The music is always a high point in games by Telltale Games, and it certainly doesn't disappoint here.  The thing I was glad about was that get to hear period music in the 1930s, as was the case in the movies, and fans will be glad to know there's a bit of Huey Lewis and the News in there as well.  As far as orchestration, Jared Emerson-Johnson does a great job blending the film's soundtrack with new music.  The soundtrack that is taken from the films is the original orchestrated score, which helps bring a sense of grandeur to the game.  The new music is not performed by a full orchestra, but it fits in the game just fine.  As evidenced by Poker Night at the Inventory, Jared is skilled at blending different music styles together, and he does the same remarkable job here.

Telltale's first episodes in any season always have easier puzzles than usual, but since they were aiming to attract an even more casual crowd than usual, the puzzles are easier than most of their first episodes.  A previous interview mentioned that Telltale was taking steps to attract even non-gamers, and the problems mentioned have been addressed here.  There is now an objective screen, which will tell players what they have to do next.  This can be turned off in the options, with the exclusion of the intro tutorial which is similar to that found in the first episode of Sam & Max: The Devil's Playhouse.  Even when the objectives are turned off, they can still be viewed by clicking the exclamation point in the right corner of the screen.  

The hints system has also been overhauled, getting a system similar to the Universal Hint System format, where the player can get a simple hint, a more detailed hint, or a hint that tells the player what to do.  I have always liked the UHS format because players can choose how detailed of a hint they want, so I'm glad to see Telltale adopt the format in-game.  I personally didn't have a problem with the easy puzzles and the catering to casual gamers, as the rest of the game design made up for it in my opinion, but it may be a problem for some.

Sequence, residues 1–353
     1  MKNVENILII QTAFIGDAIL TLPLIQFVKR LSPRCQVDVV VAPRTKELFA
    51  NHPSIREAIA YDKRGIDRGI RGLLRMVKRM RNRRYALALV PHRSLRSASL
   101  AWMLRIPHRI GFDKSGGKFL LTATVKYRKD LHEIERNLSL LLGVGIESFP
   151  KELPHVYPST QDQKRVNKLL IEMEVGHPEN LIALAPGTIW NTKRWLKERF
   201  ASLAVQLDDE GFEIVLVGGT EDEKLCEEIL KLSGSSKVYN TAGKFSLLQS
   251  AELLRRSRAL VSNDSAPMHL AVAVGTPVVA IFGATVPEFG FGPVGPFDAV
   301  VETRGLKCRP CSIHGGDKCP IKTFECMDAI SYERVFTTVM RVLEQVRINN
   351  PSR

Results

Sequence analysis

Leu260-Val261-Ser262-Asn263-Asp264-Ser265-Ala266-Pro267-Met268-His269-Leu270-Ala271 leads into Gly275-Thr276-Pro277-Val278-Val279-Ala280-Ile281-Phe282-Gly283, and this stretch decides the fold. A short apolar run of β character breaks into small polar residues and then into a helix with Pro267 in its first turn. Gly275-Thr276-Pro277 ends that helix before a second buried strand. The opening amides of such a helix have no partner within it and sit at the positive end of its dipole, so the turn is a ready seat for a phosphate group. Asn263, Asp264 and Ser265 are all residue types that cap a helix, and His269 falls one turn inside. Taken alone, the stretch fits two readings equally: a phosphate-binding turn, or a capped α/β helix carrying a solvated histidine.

It's About Time is a great start to what looks to be another great series for Telltale Games.  The story, voice acting, art design, and music all stay faithful to the source material.  The story is engrossing, and it makes you want more.  There are a few technical hiccups that take you out of the experience somewhat, but they happen few and far between.  The puzzles are easier than a lot of adventure gamers would like, but in my opinion, the rest of the game design makes up for it.  The game shouldn't disappoint most people who are fans of Back to the Future and the adventure genre.

Update: December 1, 2015: Since I wrote this review, a remaster called the 30th Anniversary Edition has been released.  The improved textures aren't really that noticeable, however, they also managed to get Tom Wilson to reprise his role as Biff.  The authenticity of having Tom voice Biff works really well in the situations where we get to hear the tough Biff, which we only get a taste of here, but is much more noticeable in later episodes.  If you have yet to play the game, pick up the remastered version if you can. If you've already played it, it's not really worth picking up again, unless you're a big Back to the Future fan.

Final Verdict:

3½ out of 5

Thursday, December 23, 2010

Strong Bad's Cool Game for Attractive People For PSN

Strong Bad's Cool Game for Attractive People, the five-part episodic adventure by Telltale Games starring characters from Homestar Runner is now available for the PlayStation 3 through their PSN download service.

Wednesday, December 22, 2010

Back to the Future: It's About Time Out Now

It's About Time, the first episode of Telltale's five part episodic Back to the Future: The Game, is now available for PC and Mac. The episode follows Marty as the DeLorean suddenly appears and he has to travel back in time to save the Doc.